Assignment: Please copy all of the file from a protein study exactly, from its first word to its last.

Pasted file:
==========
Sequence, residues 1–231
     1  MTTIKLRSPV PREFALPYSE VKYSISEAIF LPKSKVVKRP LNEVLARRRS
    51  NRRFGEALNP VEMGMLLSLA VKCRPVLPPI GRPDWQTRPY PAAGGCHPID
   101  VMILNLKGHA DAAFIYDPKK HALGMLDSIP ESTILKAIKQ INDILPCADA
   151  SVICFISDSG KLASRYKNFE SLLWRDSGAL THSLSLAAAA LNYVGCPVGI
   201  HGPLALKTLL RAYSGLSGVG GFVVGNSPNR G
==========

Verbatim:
Sequence, residues 1–231
     1  MTTIKLRSPV PREFALPYSE VKYSISEAIF LPKSKVVKRP LNEVLARRRS
    51  NRRFGEALNP VEMGMLLSLA VKCRPVLPPI GRPDWQTRPY PAAGGCHPID
   101  VMILNLKGHA DAAFIYDPKK HALGMLDSIP ESTILKAIKQ INDILPCADA
   151  SVICFISDSG KLASRYKNFE SLLWRDSGAL THSLSLAAAA LNYVGCPVGI
   201  HGPLALKTLL RAYSGLSGVG GFVVGNSPNR G